With that, let`s bring in our starting line on this Monday night. Philip Rucker, Pulitzer Prize winning senior Washington correspondent for The Washington Post, co-author with Carol Leonnig of The New York Times best seller, "I alone Can Fix It: Donald J. Trump`s Catastrophic Final Year," A.B. Stoddard, veteran Washington journalist, Associate Editor and columnist for Real Clear Politics, and Professor Melissa Murray of NYU Law School, who notably was law clerk for Justice Sonia Sotomayor on the federal bench prior to her nomination to the Supreme Court. Good evening and welcome to all of you.
Indeed, Counselor. I`d like to begin with you because the White House counsel has again said, there`s no privilege worries here. We`re going to open up the files on the existing records from 1/6. What happen next professor, especially considering this is under lawsuit?
MELISSA MURRAY, NYU LAW PROFESSOR: Well, as you know, to the press -- the former president has filed a lawsuit against both the chairman of the committee and the archivist to withhold those documents. And a reviewing court would have to consider both the scope of executive privilege here the fact that this is a former president, as opposed to a current president`s invoking it, the fact that the current president has no qualms about having this material released, and also to think about the nature of the communications that allegedly are being sought here.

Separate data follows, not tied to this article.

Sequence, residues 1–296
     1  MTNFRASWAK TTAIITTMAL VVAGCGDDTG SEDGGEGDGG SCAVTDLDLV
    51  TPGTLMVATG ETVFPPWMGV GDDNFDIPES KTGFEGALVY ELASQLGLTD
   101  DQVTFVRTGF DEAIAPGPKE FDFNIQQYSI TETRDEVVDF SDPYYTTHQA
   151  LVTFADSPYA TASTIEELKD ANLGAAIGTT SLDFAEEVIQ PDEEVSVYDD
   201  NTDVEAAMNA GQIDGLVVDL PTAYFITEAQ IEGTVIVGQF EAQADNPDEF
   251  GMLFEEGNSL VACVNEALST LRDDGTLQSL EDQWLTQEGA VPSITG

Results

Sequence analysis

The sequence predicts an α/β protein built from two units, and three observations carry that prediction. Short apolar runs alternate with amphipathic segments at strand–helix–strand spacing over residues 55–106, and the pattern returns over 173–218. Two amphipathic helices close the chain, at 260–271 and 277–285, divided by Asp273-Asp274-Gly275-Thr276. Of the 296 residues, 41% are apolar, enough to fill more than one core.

And so I think we have to sort of think about what the broad range is, why is this lawsuit been filed? And I think it`s likely been filed, because litigation takes a long time, it will have to go through a trial court, then to an Intermediate Court of Appeals, and then ultimately to the US Supreme Court for final determination.